Falcon and the Winter Soldier: Episode 2

Falcon and the Winter Soldier Episode 2
James Barnes (Sebastian Stan) and Sam Wilson (Anthony Mackie) after realising they need to avenge their fallen Avenger (Picture: Disney+)

Falcon and the Winter Soldier: Episode 2 has more going for it than last week’s prologue, but still seems to be missing the cinematic pizzazz.

Thank goodness the titular characters finally unite in this week’s episode. This new episode of Falcon and the Winter Soldier should have been the jumping on point. Especially after the series began with them discussing mortgages and having counselling.

All the while, pro-border unification terrorist group Flag Smashers are doing some nefarious plot involving medicine or vaccines or something or other. As far as we need to know at this point, they like wearing masks and have Super Soldier abilities. And their leader is British because of course. It wouldn’t be a patriotic pro-American war show unless the villain was British; heavily Eastern European, or straight out Russian.

Thankfully, Captain America is there to save the day against this new organisation. Or rather, a new Captain America donned by John Walker. Played by Wyatt Russell as the new blonde, blue-eyed star-spangled hero set to fill the shoes of Steve Rogers (Chris Evans).

Captain America: The Ayran Soldier

But if there’s one thing Marvel has reiterated over the past ten years, it is that the government or anyone with power for that matter, should not be trusted. With that in mind, I have a high suspicion that this new Captain America won’t be meeting the rest of the Avenger family anytime soon.

Especially as we can suspect he may at some point turn his allegiance against Sam ‘Falcon’ Wilson (Anthony Mackie) and James ‘Winter Soldier’ Barnes (Sebastian Stan) when he develops more of his feelings towards the symbolic costume and its Vibranium shield.

Most interestingly though, it seems that this series is referring back to previous Captain America movies more than we first thought. While we drew comparisons between the first episode and Captain America: The Winter Soldier, Falcon and the Winter Soldier: Episode 2 is now referring to Captain America: Civil War with its reintroduction of villain Helmut Zemo (Daniel Brühl) at the end of the episode, setting up his return for the remaining episodes.

As for Marvel referencing the fallen Avenger, I do understand they would want to milk all value out of Chris Evans’ role while they can. Hence why Evans had a supporting role in both Spider-Man movies with the latter set after Roger’s death. It makes total sense from a commercial perspective to shoehorn him into any film or show they make. I’m disappointed that Marvel are treating Falcon and the Winter Soldier as a money-making exercise when WandaVision proved so much more.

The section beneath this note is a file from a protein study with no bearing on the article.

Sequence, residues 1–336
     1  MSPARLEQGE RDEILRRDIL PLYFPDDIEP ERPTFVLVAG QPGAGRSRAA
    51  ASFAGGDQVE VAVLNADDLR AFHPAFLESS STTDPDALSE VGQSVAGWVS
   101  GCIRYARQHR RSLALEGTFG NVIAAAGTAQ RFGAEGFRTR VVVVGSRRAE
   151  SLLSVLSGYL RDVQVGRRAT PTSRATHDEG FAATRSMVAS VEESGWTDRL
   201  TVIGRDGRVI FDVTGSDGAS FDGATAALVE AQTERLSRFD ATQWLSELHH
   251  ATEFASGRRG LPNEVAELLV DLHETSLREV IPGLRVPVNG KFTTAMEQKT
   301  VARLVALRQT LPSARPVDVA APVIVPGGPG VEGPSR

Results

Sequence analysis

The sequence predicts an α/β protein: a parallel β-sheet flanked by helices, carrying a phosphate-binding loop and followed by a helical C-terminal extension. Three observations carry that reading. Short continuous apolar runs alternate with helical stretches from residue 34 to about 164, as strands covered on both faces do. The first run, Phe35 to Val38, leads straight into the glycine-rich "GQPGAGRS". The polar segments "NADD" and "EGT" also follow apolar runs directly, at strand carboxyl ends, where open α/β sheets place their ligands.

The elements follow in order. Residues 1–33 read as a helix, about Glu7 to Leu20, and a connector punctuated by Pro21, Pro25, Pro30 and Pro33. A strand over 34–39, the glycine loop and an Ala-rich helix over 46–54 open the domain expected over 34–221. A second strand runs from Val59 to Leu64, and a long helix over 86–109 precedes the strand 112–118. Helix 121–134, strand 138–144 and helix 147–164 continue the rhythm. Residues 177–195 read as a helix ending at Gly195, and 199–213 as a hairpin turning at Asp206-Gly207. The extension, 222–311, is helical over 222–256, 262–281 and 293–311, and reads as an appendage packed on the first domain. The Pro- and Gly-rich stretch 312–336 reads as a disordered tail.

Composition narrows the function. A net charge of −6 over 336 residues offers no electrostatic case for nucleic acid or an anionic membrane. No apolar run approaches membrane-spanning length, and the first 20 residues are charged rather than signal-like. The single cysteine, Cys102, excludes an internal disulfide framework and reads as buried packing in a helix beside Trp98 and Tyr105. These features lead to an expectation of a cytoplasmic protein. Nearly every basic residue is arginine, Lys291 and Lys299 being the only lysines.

Wizards vs. Aliens

To give this episode some credit, the relationship between Sam and Bucky did allow for some comedic lines of dialogue. The occasional Marvel-branded quip made for light watching and proved that this show could have occasional charm.

However, something Marvel forgets is that TV should allow for great character development. Writers have the chance to flesh out characters more than they would for a movie. So as a result, why are the heroes of Falcon and the Winter Soldier reductive versions of their movie selves?

Since 2014 Marvel had established both of these characters to have a personality. More recently they showed they have a good working relationship given the universe halving events of Avengers: Endgame. Albeit one tarnished with murder and Nazi brainwashing, but a relationship all the same.

So why did the show need to have them in couples therapy intimately close, as if taken from Wattpad. I don’t understand how their working relationship had got to that point since their epic Thanos fighting days.

Ultimately, the disdain for each other, and their government isn’t as interesting as Marvel anticipated it would be. At least they can agree to vilify Captain America as the episodes go on. Hopefully, that will be enough to carry the show for the rest of the series, as the premise of ‘Falcon and the Winter Soldier fight Captain America’ just stinks of a Marvel elevator pitch that the producers (and fans) would lap up.

New episodes of Falcon and the Winter Soldier stream every Friday on Disney+.

By Conor Riley

Conor is the Founder and Editor for Cinamore, a publication focused on giving power back to journalists. As a portmanteau of the word 'Cinema' and the Italian word for love 'Amore', Cinamore aims to highlight the love that we all carry for the art of the moving image.

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